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BYUH volunteer said bringing the PCC to ‘at-promise’ youth taught them to endure challenging situations by understanding their cultures

BYUH student volunteers stand in a semi circle in a classroom with teens at the National Guard Youth Challenge Academy. They are wearing aloha shirts and traditional clothing from the South Pacific Islands.

Longo Huhane is just one of the students who helped bring the Polynesian Cultural Center to the Hawaii National Guard Youth Challenge Academy cadets, who are referred to as “at-promise” youth as opposed to “at-risk” youth. She said teaching the cadets about culture was impactful because it helped them realize they can draw strength from their roots.

“Our struggles, sacrifices and why we put ourselves in [challenging] situations is not only because of our future but also because of home. It’s always because of home and where we come from,” Huhane shared.

BYU–Hawaii students and PCC employees coordinated with the academy to bring the PCC to the cadets on April 1, 2021. According to its brochure, the academy is a quasi-military school for students who have difficulty completing traditional high school.

Destine Fatu, an instructor at the academy and a BYUH alumna from Waianae, said the cadets normally enjoy family days. However, due to the COVID-19 pandemic, visiting families became impossible. Instead, she said they instituted an ohana week to allow the cadets to learn about other cultures. Fatu said the BYUH students’ performance was the highlight of ohana week.

The student volunteers taught the cadets about Tonga, Samoa, Tahiti, New Zealand and Fiji via video clips and PowerPoint presentations. According to Fatu, some cadets used this opportunity to connect with their own cultures.

“Many students stated they have never been to [the] PCC or BYUH,” she added. “One of the cadets mentioned, ‘I felt like they were my cousins. I had so much fun.’”

Gaining encouragement

Huhane, a senior interdisciplinary studies major from Tonga, was one of the students who participated in the event. She described her experience as “very fun and inspiring.” She said the whole experience made her feel fortunate. “We could see and feel how these kids looked up to us because of what we shared.”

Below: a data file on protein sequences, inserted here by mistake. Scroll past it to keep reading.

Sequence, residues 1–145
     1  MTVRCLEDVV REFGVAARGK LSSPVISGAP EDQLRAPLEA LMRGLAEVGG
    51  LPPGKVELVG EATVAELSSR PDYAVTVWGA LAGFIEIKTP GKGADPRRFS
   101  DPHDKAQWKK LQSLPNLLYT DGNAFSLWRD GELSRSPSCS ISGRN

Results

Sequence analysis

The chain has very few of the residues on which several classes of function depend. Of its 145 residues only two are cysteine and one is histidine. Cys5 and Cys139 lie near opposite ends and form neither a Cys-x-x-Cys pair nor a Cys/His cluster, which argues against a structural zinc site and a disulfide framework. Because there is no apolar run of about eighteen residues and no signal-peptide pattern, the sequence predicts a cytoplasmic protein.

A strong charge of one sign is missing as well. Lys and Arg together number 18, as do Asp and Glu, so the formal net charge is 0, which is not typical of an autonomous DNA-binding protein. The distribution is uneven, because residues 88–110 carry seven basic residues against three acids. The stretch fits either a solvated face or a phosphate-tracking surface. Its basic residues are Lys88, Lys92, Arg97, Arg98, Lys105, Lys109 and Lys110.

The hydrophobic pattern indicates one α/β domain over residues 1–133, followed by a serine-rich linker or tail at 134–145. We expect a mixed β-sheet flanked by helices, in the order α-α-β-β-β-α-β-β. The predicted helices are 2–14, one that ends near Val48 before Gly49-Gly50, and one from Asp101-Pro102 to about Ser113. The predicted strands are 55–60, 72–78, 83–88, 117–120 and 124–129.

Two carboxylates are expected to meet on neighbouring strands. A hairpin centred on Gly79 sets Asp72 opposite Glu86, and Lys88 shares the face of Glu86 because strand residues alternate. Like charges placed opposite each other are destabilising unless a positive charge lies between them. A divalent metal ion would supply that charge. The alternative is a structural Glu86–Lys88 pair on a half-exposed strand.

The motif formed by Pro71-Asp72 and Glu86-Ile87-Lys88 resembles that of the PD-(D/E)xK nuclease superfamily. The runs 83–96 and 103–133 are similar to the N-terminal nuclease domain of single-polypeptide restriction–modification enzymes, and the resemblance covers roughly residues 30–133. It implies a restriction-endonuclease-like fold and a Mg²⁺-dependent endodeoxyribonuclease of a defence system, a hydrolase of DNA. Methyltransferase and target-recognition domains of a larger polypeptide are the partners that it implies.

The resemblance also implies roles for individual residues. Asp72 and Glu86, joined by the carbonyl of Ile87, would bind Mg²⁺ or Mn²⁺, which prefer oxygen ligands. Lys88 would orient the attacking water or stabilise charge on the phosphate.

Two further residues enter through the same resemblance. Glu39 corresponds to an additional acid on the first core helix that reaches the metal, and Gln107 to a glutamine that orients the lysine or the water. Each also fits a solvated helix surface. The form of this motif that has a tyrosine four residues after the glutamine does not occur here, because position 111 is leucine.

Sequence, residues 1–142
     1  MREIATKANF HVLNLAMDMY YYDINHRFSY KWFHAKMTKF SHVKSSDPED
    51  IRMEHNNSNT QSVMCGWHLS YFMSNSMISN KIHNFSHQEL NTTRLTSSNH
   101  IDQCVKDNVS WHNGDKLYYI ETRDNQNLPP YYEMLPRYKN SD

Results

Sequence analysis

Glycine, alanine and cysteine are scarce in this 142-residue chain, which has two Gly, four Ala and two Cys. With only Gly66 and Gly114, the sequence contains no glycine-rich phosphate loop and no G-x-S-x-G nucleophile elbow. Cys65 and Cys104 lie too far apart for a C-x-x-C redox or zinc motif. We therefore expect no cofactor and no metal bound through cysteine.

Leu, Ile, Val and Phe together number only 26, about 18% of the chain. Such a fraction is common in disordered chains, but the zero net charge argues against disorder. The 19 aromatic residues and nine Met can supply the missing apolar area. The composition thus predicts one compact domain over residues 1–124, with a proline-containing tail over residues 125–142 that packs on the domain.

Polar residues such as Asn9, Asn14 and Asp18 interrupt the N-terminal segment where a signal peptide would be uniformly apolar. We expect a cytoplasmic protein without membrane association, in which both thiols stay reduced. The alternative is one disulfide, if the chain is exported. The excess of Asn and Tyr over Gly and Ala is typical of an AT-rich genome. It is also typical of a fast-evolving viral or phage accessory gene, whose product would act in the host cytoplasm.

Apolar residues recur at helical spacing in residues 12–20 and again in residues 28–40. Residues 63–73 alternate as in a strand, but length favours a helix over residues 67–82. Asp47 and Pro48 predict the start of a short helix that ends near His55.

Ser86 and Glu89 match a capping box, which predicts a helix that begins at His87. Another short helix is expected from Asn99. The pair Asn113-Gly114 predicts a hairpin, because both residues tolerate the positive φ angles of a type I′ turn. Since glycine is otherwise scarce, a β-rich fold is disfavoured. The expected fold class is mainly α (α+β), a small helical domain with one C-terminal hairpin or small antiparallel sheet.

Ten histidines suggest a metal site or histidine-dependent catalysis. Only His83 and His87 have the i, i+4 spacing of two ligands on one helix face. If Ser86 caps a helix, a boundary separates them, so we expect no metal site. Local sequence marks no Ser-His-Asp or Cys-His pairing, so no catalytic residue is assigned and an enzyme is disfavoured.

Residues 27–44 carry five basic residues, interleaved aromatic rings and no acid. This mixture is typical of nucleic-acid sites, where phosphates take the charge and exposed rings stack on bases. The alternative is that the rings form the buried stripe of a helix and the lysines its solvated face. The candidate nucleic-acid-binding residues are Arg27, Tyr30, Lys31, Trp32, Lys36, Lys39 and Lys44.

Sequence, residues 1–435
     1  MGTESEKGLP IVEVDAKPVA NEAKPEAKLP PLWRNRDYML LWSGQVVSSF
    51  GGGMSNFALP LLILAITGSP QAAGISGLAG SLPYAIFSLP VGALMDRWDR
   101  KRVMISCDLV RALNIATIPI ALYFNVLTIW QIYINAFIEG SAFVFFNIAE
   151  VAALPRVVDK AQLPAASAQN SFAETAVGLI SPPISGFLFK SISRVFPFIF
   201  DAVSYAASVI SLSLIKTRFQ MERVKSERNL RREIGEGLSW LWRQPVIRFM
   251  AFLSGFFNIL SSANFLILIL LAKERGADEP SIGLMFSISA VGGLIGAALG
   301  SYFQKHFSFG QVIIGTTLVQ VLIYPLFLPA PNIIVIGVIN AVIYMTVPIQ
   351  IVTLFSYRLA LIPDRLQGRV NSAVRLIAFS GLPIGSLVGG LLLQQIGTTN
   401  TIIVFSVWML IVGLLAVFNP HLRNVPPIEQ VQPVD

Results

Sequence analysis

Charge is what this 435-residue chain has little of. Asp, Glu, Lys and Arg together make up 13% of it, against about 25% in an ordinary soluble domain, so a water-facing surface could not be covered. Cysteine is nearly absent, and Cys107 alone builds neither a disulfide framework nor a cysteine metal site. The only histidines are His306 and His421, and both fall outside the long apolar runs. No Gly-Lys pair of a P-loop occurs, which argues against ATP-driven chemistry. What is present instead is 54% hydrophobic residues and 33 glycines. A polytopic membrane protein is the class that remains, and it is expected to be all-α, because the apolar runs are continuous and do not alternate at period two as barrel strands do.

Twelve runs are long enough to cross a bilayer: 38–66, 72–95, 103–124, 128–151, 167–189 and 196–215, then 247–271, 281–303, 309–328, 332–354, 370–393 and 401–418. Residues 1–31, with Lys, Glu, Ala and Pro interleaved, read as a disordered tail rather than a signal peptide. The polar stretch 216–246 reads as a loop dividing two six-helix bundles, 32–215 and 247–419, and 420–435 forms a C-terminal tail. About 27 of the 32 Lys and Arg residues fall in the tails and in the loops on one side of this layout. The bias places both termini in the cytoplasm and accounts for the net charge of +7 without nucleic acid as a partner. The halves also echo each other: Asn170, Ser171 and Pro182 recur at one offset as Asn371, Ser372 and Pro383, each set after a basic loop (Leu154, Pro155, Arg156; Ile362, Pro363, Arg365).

In the process of encouraging the academy cadets, Huhane said she felt she was the one receiving encouragement to keep pressing forward because she needed it the most. She said she was reminded of her family and her three younger siblings, realizing they help her keep going. “If they look up to me, then who am I to not believe in myself?”

She said they presented to six groups of 15 to 20 “eager” cadets, both boys and girls between 16 and 19 years old. They taught the cadets the names and meanings of the motions in Polynesian dances and invited them to dance.

While some were shy at first, Huhane said, “Our team was so amazing in making them feel comfortable in dancing and they did pretty good.”

She said her favorite part was seeing the cadets actually enjoying doing the dances.“One kid said, ‘When I go home, I will show my family these new dances you guys taught me.’ Another shouted, ‘I love you guys!’” Huhane said after the performance, the cadets said they wanted to visit the PCC and even attend BYUH.

Pursuing dreams

Julia Sio, a junior IT major from Samoa, was credited as the student who organized the whole event. She said she got involved in the academy thanks to Fatu, who is a family friend married to one of Sio’s ward members. She said she saw herself in the cadets because of their similar cultural background.

“We come from the islands where most of our opinions are not being heard or are mostly ignored. Most times we have no choice but to obey our parents or legal guardians’ opinions more than what we feel like doing,” she shared.

The reason the cadets matter to Sio, she said, is she wants to help them follow their own dreams by teaching them about culture and the importance of higher education, and the mini PCC helped her achieve that.

“Some of us come to school because our parents want us to and not because we want to,” Sio explained. “We do a lot of things for the sake of impressing our parents and making them feel proud and happy. It is the most selfless thing we ever do, but also it is very selfish because we are not speaking up and pursuing our own dreams.”

Fatu contacted Sio in March to present different cultures to the cadets in the same manner they present them at the PCC, Sio explained. “She wanted us to ... encourage the students to attend BYU.”

BYUH volunteers teaches young people at the Hawaii National Guard Youth Challenge Academy how to perform a Polynesian dance. They are dressing in dark pants and aloha shirts.

Sio said the Youth Challenge Academy has tried to connect with BYUH in the past as a way of encouraging the cadets to pursue a higher education.

“It was hard to organize a group in a small amount of time,” Sio said. “I spent a lot of time pondering and praying.” Relying on a network of friends and roommates, she said she was able to gather enough volunteers in only four or five days to pull it off.

The cadet’s confidence grew as they practiced. “They were able to do it,” she said proudly. “It was fun.”

Despite the stress of the last minute preparation and planning, Sio said she ultimately felt excited before and satisfied after the event.

There are youths out there who need help, she said, and the help they need is the support and encouragement to pursue education and learn. Despite the challenges the academy cadets face in their lives, from broken homes to lack of direction, Sio said forging a meaningful cultural connection has left both BYUH students and the Challenge Academy cadets feeling uplifted.